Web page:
hang in there...the pain is horrid, i know, and just never goes away until you get your root canal or extraction.
posted by naxosaxur at 3:09 PM on December 3, 2005

Try directly applying (a flat tooth pick works) any antibiotic you have on hand, Smash it into a powder if it is in pill form. This works immediately and really totally stops the pain.
posted by JohnR at 6:50 PM on December 3, 2005

Do you have an established dentist, or will you be a new patient on monday?

If you are a patient already there may be an answering service (or a home number for the dentist) that you can reach/get by calling the regular office number. If you are an established patient the dentist should be very nice about calling in an antibiotic (make sure to remind him/her if you are allergic to anything, as they won't have immediate access to your chart and a penicillin allergy is never pleasant).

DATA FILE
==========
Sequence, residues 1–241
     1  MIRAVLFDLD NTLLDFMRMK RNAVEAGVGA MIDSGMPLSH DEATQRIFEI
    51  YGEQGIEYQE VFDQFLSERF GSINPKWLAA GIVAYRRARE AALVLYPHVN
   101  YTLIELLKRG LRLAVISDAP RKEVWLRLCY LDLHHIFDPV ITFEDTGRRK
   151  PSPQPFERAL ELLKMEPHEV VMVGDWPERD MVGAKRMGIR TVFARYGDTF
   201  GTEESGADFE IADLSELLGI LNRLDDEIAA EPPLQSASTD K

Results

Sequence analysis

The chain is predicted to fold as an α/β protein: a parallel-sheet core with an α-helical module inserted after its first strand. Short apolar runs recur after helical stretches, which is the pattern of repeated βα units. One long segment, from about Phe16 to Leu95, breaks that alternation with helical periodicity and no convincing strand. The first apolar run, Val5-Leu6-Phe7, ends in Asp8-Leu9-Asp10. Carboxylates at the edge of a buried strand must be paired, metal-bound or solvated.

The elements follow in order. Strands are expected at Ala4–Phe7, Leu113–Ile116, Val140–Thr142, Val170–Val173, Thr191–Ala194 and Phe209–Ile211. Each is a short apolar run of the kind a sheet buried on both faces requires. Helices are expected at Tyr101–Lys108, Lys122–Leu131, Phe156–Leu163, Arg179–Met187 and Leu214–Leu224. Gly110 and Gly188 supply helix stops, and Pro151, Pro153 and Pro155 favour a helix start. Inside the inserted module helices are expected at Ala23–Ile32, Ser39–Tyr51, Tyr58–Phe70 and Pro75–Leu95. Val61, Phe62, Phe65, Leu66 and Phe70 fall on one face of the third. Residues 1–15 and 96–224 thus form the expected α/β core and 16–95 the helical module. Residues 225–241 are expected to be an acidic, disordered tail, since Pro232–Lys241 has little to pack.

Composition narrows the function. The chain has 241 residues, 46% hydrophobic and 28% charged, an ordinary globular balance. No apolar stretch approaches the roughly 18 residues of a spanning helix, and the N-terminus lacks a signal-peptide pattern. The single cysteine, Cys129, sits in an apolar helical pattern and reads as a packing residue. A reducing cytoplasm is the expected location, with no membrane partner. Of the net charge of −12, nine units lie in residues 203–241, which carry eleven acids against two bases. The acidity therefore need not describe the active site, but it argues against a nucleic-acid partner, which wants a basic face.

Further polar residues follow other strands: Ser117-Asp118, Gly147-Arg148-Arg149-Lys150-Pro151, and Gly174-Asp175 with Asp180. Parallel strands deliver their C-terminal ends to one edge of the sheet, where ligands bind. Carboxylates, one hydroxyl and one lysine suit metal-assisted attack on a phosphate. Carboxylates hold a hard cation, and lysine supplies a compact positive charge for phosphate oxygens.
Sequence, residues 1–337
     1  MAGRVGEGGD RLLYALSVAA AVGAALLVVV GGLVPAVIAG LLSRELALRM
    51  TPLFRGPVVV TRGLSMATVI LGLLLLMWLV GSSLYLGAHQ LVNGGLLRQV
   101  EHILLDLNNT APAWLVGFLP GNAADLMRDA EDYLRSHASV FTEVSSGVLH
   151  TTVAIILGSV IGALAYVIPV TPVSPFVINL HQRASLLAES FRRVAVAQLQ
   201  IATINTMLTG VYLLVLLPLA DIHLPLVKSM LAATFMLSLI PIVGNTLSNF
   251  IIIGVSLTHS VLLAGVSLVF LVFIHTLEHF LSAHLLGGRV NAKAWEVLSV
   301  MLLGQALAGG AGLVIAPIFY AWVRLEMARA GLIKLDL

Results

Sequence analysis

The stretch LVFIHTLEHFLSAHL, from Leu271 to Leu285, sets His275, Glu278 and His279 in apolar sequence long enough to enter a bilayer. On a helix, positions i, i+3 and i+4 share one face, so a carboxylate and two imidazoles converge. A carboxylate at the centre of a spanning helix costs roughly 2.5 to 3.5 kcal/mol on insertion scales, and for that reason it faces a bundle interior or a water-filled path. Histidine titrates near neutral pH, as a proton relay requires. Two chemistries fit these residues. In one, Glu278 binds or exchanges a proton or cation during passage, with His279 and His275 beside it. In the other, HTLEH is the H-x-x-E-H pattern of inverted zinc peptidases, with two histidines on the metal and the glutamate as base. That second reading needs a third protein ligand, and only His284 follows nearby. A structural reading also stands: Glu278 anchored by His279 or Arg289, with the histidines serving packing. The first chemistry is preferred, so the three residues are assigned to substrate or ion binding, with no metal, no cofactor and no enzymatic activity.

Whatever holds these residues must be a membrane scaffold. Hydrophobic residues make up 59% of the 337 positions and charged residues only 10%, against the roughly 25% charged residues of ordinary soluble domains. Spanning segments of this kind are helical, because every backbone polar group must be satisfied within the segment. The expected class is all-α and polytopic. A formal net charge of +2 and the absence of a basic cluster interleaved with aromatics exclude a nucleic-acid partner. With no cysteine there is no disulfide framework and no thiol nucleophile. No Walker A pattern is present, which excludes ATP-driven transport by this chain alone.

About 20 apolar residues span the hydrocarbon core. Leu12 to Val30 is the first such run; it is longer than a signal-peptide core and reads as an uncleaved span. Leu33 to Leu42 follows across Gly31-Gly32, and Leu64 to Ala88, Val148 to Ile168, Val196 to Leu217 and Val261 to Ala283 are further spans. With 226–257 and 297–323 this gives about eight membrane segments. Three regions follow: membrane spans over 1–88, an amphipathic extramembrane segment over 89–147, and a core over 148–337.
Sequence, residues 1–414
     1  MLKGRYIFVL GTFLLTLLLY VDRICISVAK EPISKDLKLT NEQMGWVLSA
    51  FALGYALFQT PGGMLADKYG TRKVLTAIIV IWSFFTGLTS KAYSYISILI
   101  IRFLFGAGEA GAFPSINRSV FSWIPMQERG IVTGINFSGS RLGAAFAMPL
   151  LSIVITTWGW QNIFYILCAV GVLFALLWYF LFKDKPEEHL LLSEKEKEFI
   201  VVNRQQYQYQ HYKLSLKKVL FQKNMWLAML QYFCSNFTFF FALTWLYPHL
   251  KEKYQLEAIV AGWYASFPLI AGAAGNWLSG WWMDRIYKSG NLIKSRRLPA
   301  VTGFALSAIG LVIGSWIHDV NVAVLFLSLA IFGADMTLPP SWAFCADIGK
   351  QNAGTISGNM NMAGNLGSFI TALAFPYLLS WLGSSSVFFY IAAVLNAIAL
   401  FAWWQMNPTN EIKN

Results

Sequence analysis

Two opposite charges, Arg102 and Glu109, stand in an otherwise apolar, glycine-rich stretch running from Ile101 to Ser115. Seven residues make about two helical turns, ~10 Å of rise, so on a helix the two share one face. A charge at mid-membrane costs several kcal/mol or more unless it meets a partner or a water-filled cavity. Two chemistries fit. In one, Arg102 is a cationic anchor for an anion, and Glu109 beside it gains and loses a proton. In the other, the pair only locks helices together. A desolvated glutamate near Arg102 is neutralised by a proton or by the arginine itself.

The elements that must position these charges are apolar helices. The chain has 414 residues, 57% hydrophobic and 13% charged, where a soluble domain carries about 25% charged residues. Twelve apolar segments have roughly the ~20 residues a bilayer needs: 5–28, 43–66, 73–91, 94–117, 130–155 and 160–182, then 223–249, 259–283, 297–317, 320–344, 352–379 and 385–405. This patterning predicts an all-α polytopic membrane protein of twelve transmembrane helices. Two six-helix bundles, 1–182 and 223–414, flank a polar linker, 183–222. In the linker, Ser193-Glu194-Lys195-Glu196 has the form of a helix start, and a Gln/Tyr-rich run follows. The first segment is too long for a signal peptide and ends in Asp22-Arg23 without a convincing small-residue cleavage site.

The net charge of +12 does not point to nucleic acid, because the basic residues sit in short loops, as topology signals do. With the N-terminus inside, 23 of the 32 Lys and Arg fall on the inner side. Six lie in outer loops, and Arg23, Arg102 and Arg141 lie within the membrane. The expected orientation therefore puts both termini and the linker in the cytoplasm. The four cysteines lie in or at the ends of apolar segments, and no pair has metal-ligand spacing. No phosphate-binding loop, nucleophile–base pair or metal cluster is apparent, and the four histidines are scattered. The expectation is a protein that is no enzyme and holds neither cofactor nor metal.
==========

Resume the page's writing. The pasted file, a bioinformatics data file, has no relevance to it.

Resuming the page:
If you are going to be a new patient on monday, be prepared to sign up for a cleaning and a full exam in the very near future. In Florida (and I would imagine, most places) the doctor is not legally allowed to call in a prescription for you without having ever examined you. Also, be prepared for the extra expense of an emergency exam, plus xray of the tooth in question.

Good luck.
posted by bilabial at 8:38 PM on December 3, 2005

Dial-tone...i'm going through the same thing now...delirious with pain--to the point where i tried pulling it out myself (fingers slipped and i ended up just flicking the tooth so hard i almost passed out in pain)...i also tried injecting ambesol directly into the damn gum/root (this actually seemed to work...though sadly only for a little while).
posted by whatgorilla at 2:37 PM on January 2, 2006